House backs road in remote Alaska wildlife refuge
By MATTHEW DALY
Jul. 20, 2017
WASHINGTON (AP) — The House has approved legislation allowing a proposed road through a remote national wildlife refuge in Alaska that was rejected by the Obama administration.
A bill approved Thursday would grant a land exchange allowing Alaska to build the long-disputed road between two rural communities, King Cove and Cold Bay, near the tip of the Alaska Peninsula, 600 miles (965 kilometers) southwest of Anchorage.
The bill, sponsored by Alaska's sole representative, Republican Don Young, was approved on a vote of 248-179. It now goes to the Senate.
Supporters say the road is needed because strong winds and mountains make air travel in the region unpredictable, creating a life-threatening problem in medical emergencies. Critics counter that the road, located within the sprawling Izembek National Wildlife Refuge, threatens migratory birds and other animals, including caribou, brown bears and sea otters.
Congress approved a land exchange for the project in 2009, but then-Interior Secretary Sally Jewell rejected the plan in 2013, saying a road over a narrow isthmus in the refuge could cause irrevocable damage to birds and other wildlife.
Alaska Gov. Bill Walker said last month that the Interior Department has granted Alaska permission to survey wilderness within the wildlife refuge for the long-sought road, which would extend about 30 miles (48 kilometers), including about 11 miles (18 kilometers) within the wildlife refuge.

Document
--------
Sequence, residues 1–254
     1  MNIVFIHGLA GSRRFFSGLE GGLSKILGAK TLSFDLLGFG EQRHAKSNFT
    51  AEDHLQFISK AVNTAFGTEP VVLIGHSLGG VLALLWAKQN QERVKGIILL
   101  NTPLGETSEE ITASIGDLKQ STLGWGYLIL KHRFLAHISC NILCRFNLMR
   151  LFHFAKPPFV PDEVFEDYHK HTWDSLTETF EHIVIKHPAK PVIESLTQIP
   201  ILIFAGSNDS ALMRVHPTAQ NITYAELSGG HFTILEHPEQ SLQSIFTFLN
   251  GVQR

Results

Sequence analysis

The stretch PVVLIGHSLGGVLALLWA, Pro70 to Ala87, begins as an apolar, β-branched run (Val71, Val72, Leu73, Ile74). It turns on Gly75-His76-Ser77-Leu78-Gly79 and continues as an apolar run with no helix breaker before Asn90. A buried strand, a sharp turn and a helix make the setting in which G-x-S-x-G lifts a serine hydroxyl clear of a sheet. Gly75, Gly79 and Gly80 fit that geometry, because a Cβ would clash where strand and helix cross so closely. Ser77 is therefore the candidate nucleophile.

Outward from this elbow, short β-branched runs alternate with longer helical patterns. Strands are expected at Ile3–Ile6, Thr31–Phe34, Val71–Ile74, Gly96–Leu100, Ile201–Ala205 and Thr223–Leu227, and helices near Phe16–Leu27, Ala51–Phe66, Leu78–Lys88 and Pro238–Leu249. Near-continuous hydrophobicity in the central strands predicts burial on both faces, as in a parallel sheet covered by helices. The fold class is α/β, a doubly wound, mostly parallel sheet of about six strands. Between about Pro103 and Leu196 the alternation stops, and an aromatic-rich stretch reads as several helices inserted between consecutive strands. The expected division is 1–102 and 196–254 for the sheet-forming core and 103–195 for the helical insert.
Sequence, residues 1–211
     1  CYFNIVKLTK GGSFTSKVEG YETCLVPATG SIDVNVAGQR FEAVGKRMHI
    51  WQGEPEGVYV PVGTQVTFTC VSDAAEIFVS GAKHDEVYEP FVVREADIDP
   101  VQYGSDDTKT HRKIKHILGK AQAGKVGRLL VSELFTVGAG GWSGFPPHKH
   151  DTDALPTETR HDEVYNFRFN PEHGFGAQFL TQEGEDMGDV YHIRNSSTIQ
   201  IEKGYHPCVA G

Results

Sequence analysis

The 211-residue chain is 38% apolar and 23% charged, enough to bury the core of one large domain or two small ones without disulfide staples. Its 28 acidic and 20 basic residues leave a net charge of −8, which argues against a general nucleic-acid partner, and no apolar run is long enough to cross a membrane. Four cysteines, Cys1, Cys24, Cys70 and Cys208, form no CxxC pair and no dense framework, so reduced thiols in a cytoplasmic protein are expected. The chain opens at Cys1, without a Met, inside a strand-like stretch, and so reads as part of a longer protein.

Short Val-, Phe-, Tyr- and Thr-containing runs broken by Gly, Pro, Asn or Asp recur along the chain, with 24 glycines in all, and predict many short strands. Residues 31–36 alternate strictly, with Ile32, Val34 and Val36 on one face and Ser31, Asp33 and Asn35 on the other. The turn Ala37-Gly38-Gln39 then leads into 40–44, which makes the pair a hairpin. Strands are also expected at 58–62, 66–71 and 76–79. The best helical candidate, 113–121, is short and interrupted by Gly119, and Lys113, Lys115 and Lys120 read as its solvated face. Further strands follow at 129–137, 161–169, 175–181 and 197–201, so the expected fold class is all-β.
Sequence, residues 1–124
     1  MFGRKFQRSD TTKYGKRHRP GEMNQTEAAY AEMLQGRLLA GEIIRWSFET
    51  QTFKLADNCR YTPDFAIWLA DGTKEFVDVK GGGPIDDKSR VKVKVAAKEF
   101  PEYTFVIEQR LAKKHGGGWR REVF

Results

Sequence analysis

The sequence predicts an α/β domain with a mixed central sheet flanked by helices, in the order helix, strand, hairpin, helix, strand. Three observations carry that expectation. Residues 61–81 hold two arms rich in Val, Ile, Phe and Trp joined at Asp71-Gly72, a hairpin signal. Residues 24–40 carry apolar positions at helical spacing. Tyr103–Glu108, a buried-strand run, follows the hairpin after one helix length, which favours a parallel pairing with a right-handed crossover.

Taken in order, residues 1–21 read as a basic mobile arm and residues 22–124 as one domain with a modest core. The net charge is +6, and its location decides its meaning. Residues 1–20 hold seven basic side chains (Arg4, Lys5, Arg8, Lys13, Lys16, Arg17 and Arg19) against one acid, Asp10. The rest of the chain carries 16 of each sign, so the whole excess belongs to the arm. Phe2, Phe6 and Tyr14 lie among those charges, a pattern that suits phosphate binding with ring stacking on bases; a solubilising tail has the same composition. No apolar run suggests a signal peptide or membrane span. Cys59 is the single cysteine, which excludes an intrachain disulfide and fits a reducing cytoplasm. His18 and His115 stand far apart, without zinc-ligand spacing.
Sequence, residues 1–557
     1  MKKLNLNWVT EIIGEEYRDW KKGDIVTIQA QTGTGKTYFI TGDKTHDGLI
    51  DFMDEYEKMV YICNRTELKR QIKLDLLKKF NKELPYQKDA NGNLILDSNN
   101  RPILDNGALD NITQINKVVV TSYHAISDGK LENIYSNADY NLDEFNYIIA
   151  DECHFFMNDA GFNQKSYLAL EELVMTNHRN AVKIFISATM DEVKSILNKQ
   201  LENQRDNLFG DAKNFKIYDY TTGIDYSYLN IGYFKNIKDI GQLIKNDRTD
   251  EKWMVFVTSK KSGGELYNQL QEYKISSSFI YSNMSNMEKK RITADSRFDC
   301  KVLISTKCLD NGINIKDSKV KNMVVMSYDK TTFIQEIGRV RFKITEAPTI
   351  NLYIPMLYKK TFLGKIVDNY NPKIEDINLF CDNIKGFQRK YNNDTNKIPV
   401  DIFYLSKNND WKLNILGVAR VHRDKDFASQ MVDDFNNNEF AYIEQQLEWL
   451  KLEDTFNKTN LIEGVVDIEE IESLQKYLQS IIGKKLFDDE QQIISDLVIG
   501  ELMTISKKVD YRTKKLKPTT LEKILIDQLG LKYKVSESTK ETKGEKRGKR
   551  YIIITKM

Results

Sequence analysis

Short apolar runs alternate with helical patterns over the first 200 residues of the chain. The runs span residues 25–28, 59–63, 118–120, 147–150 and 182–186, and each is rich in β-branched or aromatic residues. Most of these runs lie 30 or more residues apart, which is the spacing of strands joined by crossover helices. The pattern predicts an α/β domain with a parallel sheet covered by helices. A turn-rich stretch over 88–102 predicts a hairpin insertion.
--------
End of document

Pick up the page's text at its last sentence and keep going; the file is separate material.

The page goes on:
Young called the road a matter of life or death for King Cove's 900 residents.
"Sadly, this legislation is only necessary because of the heartless actions of the previous administration, which ... placed the interests of environmentalists and wildlife over human life," Young said, calling Jewell's rejection of the road "one of the worst government actions I've seen in all my years."
Republicans on the House Natural Resources Committee said in a report this week that at least 19 people have died as a result of plane crashes or waiting to be medically evacuated to Cold Bay, the nearest town with an all-weather airport. At least 55 people have required medical evacuations in the past three years, the report said. Many of the evacuations have required services of the U.S. Coast Guard, costing taxpayers up to $30,000 per trip, the report said.
Environmental groups say the rural community has other, better alternatives, such as boats, and for decades have fought an intrusion into the refuge. The National Wildlife Refuge Association, an advocacy group, said the "real reason behind the road" is "economic development, plain and simple."
The proposed road could be used to quickly transport seafood from King Cove's large salmon cannery to the Cold Bay airport for distribution around the world, the group said.
Young and Alaska's two senators, Republicans Lisa Murkowski and Dan Sullivan, have vowed to work with Interior Secretary Ryan Zinke to approve the road.